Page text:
I did finish strong, charging up the last two switchbacks, probably in the faint hope that I'd finish under 3 hours. I didn't. 3:03. I'll take iSure enough, I finished pretty much in the middle of the pack. Maybe the top third, actually. 173/465 entrants. I ran into an old ultra running friend who finished seconds ahead of me, and we scrambled up to the very top of Evans' summit. We saw dark clouds. Remember what I said about the weather? By the time we ran back down and got in the line for the shuttle, the temperature had dropped 35 degrees, we could hear thunder, and it started to snow. The storm hit in 15 minutes, tops. When another runner said he had room in his car, I jumped at the open seat. I think 75 runners had to drop out or didn't finish.

    I'm tired now. I'll sleep well tonight. Physically I'm beat. Friday wore me out mentally, bad, after the tough week. I'm feeling refreshed now. I know it seems sometimes like I'm this motivated runner and climber, but honestly, I really need it or else I'd go insane. Worse, I'd be a terrible father (and yes, you can be insane and be a good parent; in fact I think it's partially required) who would show a lot less patience than I already do. Nothing else renews me like a good, hard effort, and if it's up a mountain, or outside, with some good scenery, even better. Beaches don't even come close.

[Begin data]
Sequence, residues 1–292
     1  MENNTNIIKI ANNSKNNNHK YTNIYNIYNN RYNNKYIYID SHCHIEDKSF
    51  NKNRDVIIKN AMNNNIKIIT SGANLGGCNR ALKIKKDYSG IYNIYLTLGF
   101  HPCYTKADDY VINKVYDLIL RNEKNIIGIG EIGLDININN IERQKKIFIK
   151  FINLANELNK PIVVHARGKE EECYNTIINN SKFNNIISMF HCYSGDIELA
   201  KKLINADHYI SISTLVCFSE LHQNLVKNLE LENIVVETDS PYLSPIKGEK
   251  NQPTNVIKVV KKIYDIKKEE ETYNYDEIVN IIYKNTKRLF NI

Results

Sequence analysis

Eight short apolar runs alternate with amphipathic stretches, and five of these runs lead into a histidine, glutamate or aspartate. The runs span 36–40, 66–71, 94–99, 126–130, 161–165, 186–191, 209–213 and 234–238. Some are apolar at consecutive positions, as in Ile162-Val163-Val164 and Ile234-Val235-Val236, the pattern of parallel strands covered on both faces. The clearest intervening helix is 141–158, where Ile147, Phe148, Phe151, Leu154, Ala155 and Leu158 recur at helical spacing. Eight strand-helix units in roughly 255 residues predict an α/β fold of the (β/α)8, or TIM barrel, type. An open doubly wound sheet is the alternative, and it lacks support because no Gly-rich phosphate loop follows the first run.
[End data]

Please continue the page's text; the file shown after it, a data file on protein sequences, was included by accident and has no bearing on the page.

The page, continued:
Sometimes I wish they did.

              Rodan And Fields Eye Cream Review -        

    Rodan And Fields Eye Cream Review -
              Weight Inward into Lightness: A Reading of Canoe Repair        
    Flore Chevaillier

    “Canoe Repair” takes place at a transitional time for the main character. Zanes moves from New York City to a New Hampshire town and has to adapt to a new life and a new job, running a Laundromat, as well as to his son’s new hang-gliding activity and his wife’s new TV job. Thus, “Canoe Repair” occurs at a moment when rural and urban worlds are put in “connection and disconnection at the same time” (“Midcourse Corrections” 50). While we learn more about Zanes’ occupations, we also read a portrait of the town’s life. We discover a picture of America and its smell of “coffee richly dripping and poppy-seed-blue corn muffins” (69). We read Zanes’ discussions with “Seemyon Stitching … a spring immigrant from Byelorussia and a trained marathon runner” (62), and find out about the “president’s eight o’clock message to the nation” they listen to when “no one among the machine-users seemed to be waiting for the president’s speech” (72). The story deals with the movements of people from the town who use the Laundromat and the movements of the canoe on the lake, as well as the hang-gliding and the weather.